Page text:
Everything You Need to Know About Meta’s Quest 3
Leaked renders show that Meta is working on a successor to the wildly popular Quest 2 VR headset.
There’s finally some word about a true successor to the most popular headset for VR gaming. Thanks to CAD renders from tech YouTuber Brad Lynch and a leak of Meta’s entire upcoming hardware roadmap from The Verge, we now have a pretty good sense of the highly-anticipated follow-up to Meta’s Quest 2 VR headset, which we’re betting will be called the Quest 3.
We’ve reviewed the Quest Pro headset and got an idea of how Meta’s attempts to create hardware aimed at professional use and mixed-reality applications can go wrong. However, news of the Quest 3 means that Meta isn’t ready to give up its position as the top option for casual consumers. Here’s everything we know about the rumored Quest 3 headset so far.
WHAT WILL THE QUEST 3 LOOK LIKE?
Lynch dropped a number of renders that show us interior and exterior details for what looks like the next iteration of the Quest headset. These schematics give us a good idea of what the Quest 3 could look like, and it doesn’t seem as though Meta changed much. We should be taking these renders with a grain of salt, but Lynch previously leaked the schematics for the Quest Pro headset, which appear to be accurate when compared to an engineering sample of the nascent headset left in a hotel room.
The Verge additionally reports that the Quest 3 will “be two times thinner,” though it doesn’t seem as radically slim as the Quest Pro or HTC Vive XR Elite are based on the renders Lynch supplied. If these details are accurate, it looks like Meta more or less stuck to the same successful formula, which isn’t a bad thing considering the success of the Quest 2.
WILL THE QUEST 3 HAVE FACE AND EYE TRACKING?
Going off the schematics, there doesn’t look to be any internal cameras that can accommodate face and eye tracking. Lynch said in his YouTube video that these capabilities would mean more cameras and higher costs, which clashes with the idea of being a consumer-level VR headset.
Eye and face tracking would really add another level of immersion to the VR experience, but you can’t be mad at Meta for trying to keep the Quest 3 affordable — if that is the case. It also looks like Meta is more interested in offering mixed-reality experiences since the renders show what looks like a passthrough camera and a depth sensor.
WILL THE QUEST 3 HAVE COLOR PASSTHROUGH?
It sounds like Meta will once again try and pitch customers on the utility of mixed reality after its less-than-convincing attempt with the Quest Pro. The Quest 3 will feature improved passthrough cameras for mixed-reality apps and games, according to The Verge. Whether those will enable color passthrough like the Quest Pro isn’t clear, but it seems likely.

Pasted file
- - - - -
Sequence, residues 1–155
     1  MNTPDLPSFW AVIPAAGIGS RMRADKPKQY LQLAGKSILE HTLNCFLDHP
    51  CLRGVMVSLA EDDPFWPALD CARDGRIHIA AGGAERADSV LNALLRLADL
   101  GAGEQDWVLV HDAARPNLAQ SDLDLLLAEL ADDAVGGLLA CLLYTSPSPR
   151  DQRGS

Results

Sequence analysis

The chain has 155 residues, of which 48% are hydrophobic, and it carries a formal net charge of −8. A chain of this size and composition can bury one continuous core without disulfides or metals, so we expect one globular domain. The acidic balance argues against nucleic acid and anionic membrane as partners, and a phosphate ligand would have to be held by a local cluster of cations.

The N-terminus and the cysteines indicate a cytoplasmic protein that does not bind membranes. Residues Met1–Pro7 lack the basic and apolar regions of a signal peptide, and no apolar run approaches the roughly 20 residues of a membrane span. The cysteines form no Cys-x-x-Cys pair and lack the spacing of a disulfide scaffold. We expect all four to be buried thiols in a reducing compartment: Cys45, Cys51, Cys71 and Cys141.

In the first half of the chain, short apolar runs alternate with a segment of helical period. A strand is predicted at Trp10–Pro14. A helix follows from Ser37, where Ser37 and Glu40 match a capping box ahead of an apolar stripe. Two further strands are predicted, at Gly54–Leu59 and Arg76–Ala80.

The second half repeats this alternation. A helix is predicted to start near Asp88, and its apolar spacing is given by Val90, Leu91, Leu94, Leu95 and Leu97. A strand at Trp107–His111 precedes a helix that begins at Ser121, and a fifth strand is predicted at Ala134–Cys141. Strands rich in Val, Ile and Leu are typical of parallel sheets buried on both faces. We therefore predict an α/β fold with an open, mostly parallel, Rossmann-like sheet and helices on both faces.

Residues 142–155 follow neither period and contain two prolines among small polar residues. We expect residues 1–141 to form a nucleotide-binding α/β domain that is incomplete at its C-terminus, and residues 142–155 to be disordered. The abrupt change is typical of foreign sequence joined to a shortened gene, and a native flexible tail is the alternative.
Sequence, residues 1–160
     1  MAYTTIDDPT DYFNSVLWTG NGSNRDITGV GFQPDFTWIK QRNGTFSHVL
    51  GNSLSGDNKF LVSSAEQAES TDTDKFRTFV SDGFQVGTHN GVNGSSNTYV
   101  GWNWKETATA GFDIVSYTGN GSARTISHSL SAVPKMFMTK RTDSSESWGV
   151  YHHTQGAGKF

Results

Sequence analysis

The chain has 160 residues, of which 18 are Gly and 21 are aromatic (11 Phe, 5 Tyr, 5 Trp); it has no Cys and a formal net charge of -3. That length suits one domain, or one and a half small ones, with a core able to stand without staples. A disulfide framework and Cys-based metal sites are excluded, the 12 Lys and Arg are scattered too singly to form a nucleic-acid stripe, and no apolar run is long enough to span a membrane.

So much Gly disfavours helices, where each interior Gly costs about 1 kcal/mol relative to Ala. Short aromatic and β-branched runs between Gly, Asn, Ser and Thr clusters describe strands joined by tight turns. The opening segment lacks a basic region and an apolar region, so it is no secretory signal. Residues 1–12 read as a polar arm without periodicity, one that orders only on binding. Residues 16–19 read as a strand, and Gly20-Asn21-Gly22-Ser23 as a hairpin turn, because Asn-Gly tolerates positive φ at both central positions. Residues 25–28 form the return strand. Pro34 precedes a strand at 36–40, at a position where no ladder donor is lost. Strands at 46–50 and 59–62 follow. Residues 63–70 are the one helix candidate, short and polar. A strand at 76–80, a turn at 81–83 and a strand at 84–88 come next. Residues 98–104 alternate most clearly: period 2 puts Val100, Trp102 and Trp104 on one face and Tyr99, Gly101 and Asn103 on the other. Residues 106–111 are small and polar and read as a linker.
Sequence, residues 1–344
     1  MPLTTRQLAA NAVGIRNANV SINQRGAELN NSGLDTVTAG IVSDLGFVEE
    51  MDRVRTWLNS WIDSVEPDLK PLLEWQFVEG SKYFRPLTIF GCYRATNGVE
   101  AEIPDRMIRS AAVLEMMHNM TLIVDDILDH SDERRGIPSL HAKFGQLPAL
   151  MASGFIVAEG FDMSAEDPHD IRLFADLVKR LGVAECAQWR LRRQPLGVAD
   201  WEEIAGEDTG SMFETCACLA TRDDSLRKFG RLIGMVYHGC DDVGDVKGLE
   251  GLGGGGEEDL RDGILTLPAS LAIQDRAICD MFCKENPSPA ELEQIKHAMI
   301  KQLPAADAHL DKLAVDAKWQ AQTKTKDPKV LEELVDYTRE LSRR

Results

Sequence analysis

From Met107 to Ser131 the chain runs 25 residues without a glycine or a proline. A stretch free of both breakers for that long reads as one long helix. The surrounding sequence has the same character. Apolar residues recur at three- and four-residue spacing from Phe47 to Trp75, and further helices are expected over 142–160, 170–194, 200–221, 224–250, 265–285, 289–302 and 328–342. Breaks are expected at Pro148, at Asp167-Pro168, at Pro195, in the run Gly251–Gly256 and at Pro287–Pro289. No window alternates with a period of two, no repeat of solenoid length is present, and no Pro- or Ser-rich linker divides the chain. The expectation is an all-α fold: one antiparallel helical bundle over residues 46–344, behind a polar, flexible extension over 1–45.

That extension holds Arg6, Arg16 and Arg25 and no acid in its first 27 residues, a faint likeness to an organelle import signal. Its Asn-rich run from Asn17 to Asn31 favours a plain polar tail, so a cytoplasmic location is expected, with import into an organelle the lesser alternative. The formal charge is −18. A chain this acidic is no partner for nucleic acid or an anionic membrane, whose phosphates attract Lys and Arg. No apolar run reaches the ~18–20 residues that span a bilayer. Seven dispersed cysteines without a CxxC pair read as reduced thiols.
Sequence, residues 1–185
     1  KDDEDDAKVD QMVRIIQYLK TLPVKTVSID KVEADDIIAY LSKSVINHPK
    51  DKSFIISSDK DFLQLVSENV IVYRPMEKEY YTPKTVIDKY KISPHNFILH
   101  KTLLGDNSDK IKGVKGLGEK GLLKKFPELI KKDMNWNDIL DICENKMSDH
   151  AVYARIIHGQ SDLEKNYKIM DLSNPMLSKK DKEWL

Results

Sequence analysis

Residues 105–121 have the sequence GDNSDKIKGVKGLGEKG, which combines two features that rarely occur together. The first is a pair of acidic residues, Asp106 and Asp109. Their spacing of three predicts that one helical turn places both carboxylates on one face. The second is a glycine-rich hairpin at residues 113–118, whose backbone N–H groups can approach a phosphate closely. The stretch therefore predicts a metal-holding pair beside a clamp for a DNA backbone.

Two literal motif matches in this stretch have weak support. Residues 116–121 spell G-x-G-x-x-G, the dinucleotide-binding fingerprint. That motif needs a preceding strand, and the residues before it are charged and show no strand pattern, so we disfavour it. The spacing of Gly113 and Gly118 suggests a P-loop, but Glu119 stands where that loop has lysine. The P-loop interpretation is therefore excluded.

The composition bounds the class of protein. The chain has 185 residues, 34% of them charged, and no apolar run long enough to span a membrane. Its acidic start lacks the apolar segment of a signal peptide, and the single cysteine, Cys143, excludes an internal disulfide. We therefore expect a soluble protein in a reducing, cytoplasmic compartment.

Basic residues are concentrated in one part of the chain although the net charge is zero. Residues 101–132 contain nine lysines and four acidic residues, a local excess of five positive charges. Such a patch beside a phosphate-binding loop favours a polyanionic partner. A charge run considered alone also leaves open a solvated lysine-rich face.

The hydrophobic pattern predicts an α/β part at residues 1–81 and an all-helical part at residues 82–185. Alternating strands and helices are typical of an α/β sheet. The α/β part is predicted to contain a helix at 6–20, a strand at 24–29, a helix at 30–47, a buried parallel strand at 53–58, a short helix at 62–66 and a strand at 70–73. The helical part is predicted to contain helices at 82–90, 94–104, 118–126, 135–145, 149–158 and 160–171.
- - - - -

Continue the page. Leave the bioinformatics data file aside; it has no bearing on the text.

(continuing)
The Quest 3 will also apparently debut a new “smart” version of the Guardian system Quest headsets use to keep you from bumping into things. The new smart guardian is designed to make it easier to wear a headset for extended periods, letting you walk “effortlessly” through your home without bumping into things and have a drink without having to remove your headset.
WHAT ARE THE THE QUEST 3’S SPECS?
Considering this recent leak focused on renders, there’s still very little information on what chips the Quest 3 will run. Lynch says in his video that a source claims the Quest 3 will use the currently unannounced Snapdragon XR2 Gen 2 chipset.
A previous data mine from Lynch also showed a potential 2,064 x 2,208 pixels per eye resolution for the Quest 3. It would be a sizable upgrade over Quest 2’s 1,920 x 1,832 pixels per eye resolution if accurate. The schematics also show that Meta is going with pancake lenses for the Quest 3, which should translate to a slimmer and more lightweight headset.
HOW MUCH WILL THE QUEST 3 COST?
The Quest 3’s price tag will be a major make-or-break factor for the planned headset. According to The Verge, Meta will sell the headset for a slightly higher price than the $400 Quest 2, something it’s worried could scare off enthusiasts.
A discounted price is primarily why the Quest 2 was so successful. Its accessible price point made it more approachable, even if Meta eventually raised the base price on the headset. Considering Meta recently just lowered the cost of the formerly $1,500 Quest Pro to $1,000, it seems like the company might be more aware that customers are sensitive to the subsidized model Meta’s used up until this point. However, anything cheaper than Apple’s rumored $3,000 virtual reality hardware is probably a win in Meta’s book.
WHEN WILL THE QUEST 3 BE RELEASED?
Since the Quest Pro was the star of last October’s Connect event, this year’s event should be the Quest 3’s turn, possibly alongside other VR/AR headsets Meta may be working on. For now, though, we at least have a much cheaper Quest Pro to look forward to later in March.
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